Low Iodine Intake During Pregnancy Can Impact Baby’s Neurological Development

woman sitting on the bed holding vitamins in her hand

AsianVision / Getty Images

Key Takeaways

  • Iodine is crucial for healthy thyroid function.
  • During pregnancy, adequate iodine levels contribute to the baby's intellectual development.
  • A recent study found that many women of reproductive age are lacking iodine.

Adequate iodine intake during pregnancy is essential for the baby's intellectual development, but a recent study published in International Journal of Environmental Research and Public Health found that a growing number of young women have low levels of this important mineral.

This puts their children at an increased risk of impaired neurological conditions, warn researchers from the University of South Australia (UniSA).

“We carried out this study to get a better understanding of iodine status in women who consume plant-based diets, so we can then use this to improve fortification of plant-based foods and improve nutrition advice,” says UniSA research dietitian Jane Whitbread, B.Nut.Diet, one of the study authors.

About the Study 

The small pilot study compared iodine levels between 31 plant-based participants and 26 omnivores. Urine samples from the plant-based group showed iodine readings of 44 µg/L (micrograms per liter), compared to readings of 64 µg/L level in the meat-eating group. Neither group came close to the recommended 100 µg/L per day, as set by the World Health Organization.

“We were surprised at how low the iodine excretion was in the omnivore group, especially in those that consume pink salts which are not fortified with iodine,” Whitbread says. Participants from both groups who chose pink or Himalayan salt over iodized salt had iodine levels of only 23 µg/L on average. 

And it wasn’t only iodine that was in short supply. Calcium intake was poor in both groups, and dietary vitamin B12 and selenium was low in the plant-based group. “This was expected, as these nutrients are more concentrated or mostly found in animal-derived products,” Whitbread explains.

However, the plant-based group consumed higher levels of iron, magnesium, vitamin C, folate, and fiber than the omnivores, which Whitbread says is likely due to their increased legume, wholegrain, fruit, and vegetable intake. 

Boosting Iodine Levels 

Iodine maintains normal function of the thyroid, a gland in the base of the neck that regulates the hormones that control metabolism, heart rate, body temperature, and other core body functions. During pregnancy, getting enough iodine ensures that your baby also has healthy thyroid function.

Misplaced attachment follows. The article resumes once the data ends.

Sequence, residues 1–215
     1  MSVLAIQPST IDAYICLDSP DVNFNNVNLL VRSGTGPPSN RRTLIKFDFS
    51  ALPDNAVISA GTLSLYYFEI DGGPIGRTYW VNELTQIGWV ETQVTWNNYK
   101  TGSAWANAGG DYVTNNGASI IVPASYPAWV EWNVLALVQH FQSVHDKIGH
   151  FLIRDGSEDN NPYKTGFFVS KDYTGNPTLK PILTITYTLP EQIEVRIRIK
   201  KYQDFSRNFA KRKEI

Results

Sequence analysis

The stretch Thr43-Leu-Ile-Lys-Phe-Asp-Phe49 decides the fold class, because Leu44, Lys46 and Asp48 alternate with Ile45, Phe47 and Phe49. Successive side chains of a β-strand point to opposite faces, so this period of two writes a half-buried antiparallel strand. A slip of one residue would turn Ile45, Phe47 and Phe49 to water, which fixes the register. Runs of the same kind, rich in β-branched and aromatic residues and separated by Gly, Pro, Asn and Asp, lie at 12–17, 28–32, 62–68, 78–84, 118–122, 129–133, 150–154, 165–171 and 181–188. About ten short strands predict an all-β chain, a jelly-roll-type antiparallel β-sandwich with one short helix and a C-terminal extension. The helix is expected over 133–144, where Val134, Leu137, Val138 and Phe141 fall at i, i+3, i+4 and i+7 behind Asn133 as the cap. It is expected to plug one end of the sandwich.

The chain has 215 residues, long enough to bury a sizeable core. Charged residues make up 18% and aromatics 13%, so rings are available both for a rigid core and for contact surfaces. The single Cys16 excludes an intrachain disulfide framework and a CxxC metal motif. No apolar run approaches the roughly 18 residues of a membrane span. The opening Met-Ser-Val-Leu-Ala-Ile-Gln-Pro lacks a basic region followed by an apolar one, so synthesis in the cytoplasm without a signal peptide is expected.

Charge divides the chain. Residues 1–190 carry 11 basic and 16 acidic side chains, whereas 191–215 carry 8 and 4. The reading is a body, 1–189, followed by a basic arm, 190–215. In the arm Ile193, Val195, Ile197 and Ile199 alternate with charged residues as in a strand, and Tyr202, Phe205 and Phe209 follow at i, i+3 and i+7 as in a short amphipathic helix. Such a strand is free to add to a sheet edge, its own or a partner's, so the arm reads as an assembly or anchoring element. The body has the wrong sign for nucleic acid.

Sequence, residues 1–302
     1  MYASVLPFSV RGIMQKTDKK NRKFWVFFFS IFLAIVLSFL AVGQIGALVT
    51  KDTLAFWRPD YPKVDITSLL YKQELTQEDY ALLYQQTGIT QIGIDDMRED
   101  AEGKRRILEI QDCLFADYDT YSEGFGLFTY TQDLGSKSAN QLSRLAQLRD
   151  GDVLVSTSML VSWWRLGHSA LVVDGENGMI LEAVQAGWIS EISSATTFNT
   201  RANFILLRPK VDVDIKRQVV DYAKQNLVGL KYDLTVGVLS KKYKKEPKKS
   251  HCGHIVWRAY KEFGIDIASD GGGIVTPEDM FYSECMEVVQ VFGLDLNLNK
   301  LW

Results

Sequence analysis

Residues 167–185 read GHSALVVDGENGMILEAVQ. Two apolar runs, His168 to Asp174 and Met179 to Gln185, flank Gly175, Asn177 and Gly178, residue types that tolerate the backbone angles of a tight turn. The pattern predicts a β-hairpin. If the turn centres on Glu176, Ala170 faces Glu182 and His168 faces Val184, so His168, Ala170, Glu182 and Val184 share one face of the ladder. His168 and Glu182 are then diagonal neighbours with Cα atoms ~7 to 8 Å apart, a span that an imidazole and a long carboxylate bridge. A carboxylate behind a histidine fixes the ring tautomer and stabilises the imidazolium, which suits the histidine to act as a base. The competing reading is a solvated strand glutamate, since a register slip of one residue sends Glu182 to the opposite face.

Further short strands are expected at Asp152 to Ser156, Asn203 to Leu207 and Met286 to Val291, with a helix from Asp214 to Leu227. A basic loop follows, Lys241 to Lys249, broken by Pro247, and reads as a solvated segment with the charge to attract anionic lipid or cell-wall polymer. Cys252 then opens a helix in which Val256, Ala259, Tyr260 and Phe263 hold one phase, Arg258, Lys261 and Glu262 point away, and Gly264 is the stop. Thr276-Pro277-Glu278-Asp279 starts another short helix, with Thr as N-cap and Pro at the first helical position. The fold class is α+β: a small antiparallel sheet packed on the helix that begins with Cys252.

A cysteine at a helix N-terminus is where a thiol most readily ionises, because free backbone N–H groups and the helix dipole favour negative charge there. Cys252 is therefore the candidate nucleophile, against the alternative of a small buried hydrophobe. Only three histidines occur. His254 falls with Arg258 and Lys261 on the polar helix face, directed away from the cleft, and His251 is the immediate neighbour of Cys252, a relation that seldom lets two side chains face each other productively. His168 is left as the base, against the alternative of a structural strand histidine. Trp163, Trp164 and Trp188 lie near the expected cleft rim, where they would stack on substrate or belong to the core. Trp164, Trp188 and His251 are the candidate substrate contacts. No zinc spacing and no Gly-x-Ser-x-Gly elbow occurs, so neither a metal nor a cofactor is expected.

If iodine is insufficient during pregnancy, it can also cause issues in growth and brain development, leading to neurocognitive impairment, says Colleen DeBoer, MS, RD, clinical nutrition manager at Northwestern Medicine Lake Forest Hospital in Illinois.

Colleen DeBoer, MS, RD

Taking a prenatal vitamin with iodine is the best way to ensure you’re getting adequate amounts of iodine.

— Colleen DeBoer, MS, RD

The NIH recommends 150 µg of iodine per day before pregnancy, 220 µg per day during pregnancy, and 290 µg per day while breastfeeding. Because the body doesn't produce iodine itself, you have to get it from your diet, says Vanessa Rissetto, registered dietitian and co-founder of Culina Health.

She recommends including foods that are natural sources of iodine, such as tuna, cod, other seafood such as shrimp, milk, yogurt, and cheese. You can also use iodized salt for cooking. 

You could be lacking in iodine and not know it, but some symptoms of iodine deficiency include an enlarged thyroid, fatigue, constipation, and sensitivity to cold temperatures, Rissetto adds. 

What This Means For You

If you think you might be lacking in iodine, check in with your doctor to chat about any symptoms you might have. A nutritionist can advise you on the foods you should be eating to boost your iodine intake. Note that if you have a known thyroid condition, you should always check with your doctor before increasing your iodine levels.

Not everybody eats foods that contain iodine—and during pregnancy, this might be even more of an issue if you're having aversions to certain foods. But there's another option, and it's a really simple one. “Taking a prenatal vitamin with iodine is the best way to ensure you’re getting adequate amounts of iodine,” says DeBoer. 

As well as a campaign to raise awareness about the importance of iodine in the diet, especially for women in their reproductive years, the researchers recommended that both new salts and plant milks be fortified with iodine. “This would ensure that a range of commonly consumed foods continue to be a source of iodine,” Whitbread says. 

3 Sources
Verywell Family uses only high-quality sources, including peer-reviewed studies, to support the facts within our articles. Read our editorial process to learn more about how we fact-check and keep our content accurate, reliable, and trustworthy.
  1. Whitbread JS, Murphy KJ, Clifton PM, Keogh JB. Iodine excretion and intake in women of reproductive age in South Australia eating plant-based and omnivore diets: a pilot study. Int J Environ Res Public Health. 2021 Mar 29;18(7):3547. doi:10.3390/ijerph18073547

  2. World Health Organization. Iodine deficiency.

  3. National Institutes of Health. Iodine.  

By Claire Gillespie
Claire Gillespie is a freelance writer specializing in mental health. She’s written for The Washington Post, Vice, Health, Women’s Health, SELF, The Huffington Post, and many more. Claire is passionate about raising awareness for mental health issues and helping people experiencing them not feel so alone.